assets would decline in an integrated market because a larger market would render some reserve capacity redundant. Finally, it might be cheaper to integrate renewable energy, because national supply variability is somewhat offset in an international system.
national support schemes for renewables and possibly the strategic behaviour of market participants have prevented the development of a fully functioning single electricity market.
and network capacity may be constrained, most EU member states (Italy being one exception) apply a single domestic electricity price.
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5. In 2009 the Commission opened antitrust proceedings against Swedish electricity transmission system operator Svenska Kraftnät (SvK) for having limited interconnector capacity for electricity exports. SvK contended that export curtailments were necessary to alleviate internal congestion. 6. One country’s electricity flows might loop through other countries, eg electricity produced in north German wind plants goes via Poland to southern Germany, though Poland’s electricity price is lower than Germany’s. 7. For example the national implementation of the 2003 directive; the installation of a national regulatory authority in Germany in 2005; market coupling between France, Belgium and the Netherlands in 2006; and the 2008 merger of French and German power exchanges. 8. The German market is central to European market integration because it is directly connected to 10 foreign electricity zones. 9. We note that increased correlation or cointegration are not a sign of electricity market integration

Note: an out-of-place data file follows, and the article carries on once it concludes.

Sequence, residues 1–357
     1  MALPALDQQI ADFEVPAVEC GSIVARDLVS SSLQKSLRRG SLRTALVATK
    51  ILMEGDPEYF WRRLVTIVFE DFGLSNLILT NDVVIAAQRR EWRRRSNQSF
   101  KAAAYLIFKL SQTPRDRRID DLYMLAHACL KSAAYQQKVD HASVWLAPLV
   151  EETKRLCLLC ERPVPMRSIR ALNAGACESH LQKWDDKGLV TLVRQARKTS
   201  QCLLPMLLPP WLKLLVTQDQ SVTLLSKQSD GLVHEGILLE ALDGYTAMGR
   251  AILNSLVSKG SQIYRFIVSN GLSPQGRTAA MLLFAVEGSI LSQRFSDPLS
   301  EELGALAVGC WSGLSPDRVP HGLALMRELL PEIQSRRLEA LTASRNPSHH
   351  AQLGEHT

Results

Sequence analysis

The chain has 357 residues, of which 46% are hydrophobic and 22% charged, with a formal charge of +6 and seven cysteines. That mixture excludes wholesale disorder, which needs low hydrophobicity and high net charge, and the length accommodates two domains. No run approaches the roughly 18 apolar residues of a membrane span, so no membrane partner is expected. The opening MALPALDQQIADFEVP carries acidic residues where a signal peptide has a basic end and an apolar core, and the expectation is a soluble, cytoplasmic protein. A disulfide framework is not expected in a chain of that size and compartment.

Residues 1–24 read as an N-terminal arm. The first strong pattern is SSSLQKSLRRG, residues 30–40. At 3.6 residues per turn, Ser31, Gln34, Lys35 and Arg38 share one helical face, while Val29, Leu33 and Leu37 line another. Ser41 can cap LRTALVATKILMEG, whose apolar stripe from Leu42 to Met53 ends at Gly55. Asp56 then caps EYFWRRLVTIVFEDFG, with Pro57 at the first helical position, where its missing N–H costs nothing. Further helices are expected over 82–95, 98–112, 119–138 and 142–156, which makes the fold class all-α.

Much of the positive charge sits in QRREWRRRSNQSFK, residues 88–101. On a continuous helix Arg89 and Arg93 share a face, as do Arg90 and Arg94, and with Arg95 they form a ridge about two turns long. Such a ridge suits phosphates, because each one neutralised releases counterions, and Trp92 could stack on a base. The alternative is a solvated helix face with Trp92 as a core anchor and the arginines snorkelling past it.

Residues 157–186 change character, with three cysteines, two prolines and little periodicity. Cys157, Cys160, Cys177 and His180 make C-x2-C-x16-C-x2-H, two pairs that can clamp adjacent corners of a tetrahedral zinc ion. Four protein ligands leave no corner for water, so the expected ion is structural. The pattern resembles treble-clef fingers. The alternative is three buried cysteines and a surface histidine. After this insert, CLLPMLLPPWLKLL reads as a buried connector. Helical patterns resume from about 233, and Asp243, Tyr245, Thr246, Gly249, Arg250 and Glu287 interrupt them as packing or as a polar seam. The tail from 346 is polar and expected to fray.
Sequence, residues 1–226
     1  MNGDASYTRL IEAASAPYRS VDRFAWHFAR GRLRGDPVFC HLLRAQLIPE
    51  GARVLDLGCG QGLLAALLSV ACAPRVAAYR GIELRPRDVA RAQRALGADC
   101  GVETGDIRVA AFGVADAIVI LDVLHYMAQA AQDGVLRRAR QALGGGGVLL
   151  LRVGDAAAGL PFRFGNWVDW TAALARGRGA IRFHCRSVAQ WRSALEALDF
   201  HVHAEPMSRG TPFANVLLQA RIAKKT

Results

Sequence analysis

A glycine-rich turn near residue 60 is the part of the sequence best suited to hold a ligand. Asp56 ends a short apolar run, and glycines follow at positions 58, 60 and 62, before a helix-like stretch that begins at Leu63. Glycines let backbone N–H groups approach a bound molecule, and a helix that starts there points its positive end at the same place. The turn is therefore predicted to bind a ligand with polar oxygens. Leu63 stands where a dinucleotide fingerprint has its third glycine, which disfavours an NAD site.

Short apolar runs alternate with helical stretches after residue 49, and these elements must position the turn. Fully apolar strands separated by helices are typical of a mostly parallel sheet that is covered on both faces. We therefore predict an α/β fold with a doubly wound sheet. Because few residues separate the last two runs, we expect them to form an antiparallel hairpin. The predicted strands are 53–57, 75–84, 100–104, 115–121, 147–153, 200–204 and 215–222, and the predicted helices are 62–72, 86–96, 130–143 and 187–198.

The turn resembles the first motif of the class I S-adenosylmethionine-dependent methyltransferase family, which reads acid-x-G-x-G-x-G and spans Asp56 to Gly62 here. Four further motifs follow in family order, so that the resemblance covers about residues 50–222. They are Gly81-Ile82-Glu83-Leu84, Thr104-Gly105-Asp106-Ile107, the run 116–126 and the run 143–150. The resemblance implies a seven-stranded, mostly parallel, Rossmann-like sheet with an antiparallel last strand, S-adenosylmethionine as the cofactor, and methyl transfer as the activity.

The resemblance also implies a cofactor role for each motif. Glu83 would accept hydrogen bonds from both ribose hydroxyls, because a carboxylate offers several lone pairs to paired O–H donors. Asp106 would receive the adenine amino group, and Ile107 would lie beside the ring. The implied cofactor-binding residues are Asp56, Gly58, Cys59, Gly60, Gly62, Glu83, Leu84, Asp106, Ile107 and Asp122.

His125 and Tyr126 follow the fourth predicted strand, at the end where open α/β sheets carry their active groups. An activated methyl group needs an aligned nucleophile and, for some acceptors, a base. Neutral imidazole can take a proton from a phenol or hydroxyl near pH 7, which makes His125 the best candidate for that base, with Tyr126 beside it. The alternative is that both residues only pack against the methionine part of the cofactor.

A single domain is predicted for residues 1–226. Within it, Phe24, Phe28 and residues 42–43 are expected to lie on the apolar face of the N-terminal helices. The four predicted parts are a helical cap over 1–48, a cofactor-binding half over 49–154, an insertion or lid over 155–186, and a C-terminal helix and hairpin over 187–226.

national prices without taking into account the real physical networks within and between countries makes it necessary for the system operator to take nonmarket measures to ensure system stability5. This is illustrated by two obvious inefficiencies. First, cross-border transmission lines are rarely fully utilised despite persisting price differentials. Second, electricity very often flows from high- to low-price areas6. Overall, the current system is light years away from the theoretically optimal use of European power plants and transmission lines that would characterise a fully functioning SEM. Despite institutional progress between 2005 and 20097, we argue, using the case of the systemically important German market8, that progress has been limited in the last five years. We base our claim on three observations: First, prices in the countries that border Germany have not converged significantly with German prices, and high hourly price differ-
entials were common between 2005 and 2009. In the electricity market as currently structured, decreasing differences between national hourly electricity prices could be a sign of greater market efficiency and/or increasing commercially available transmission capacity. However, Nitsche et al (2009) found that German electricity spot prices in 60-90 percent of instances differed by more than five percent from the price in almost all neighbouring countries. In addition, the absolute annual average price differences in 2009 for almost all of these market combinations exceeded their corresponding 2004 value9. Thus, recent reforms have failed to produce a consistent reduction in price differentials that would point to increasing market integration. Second, price differentials are almost unrelated to capacity usage. In an integrated market, as long as lines are not fully used, the price differential should be zero while, as soon as congestion occurs (at full capacity), the price differential depends on the difference in marginal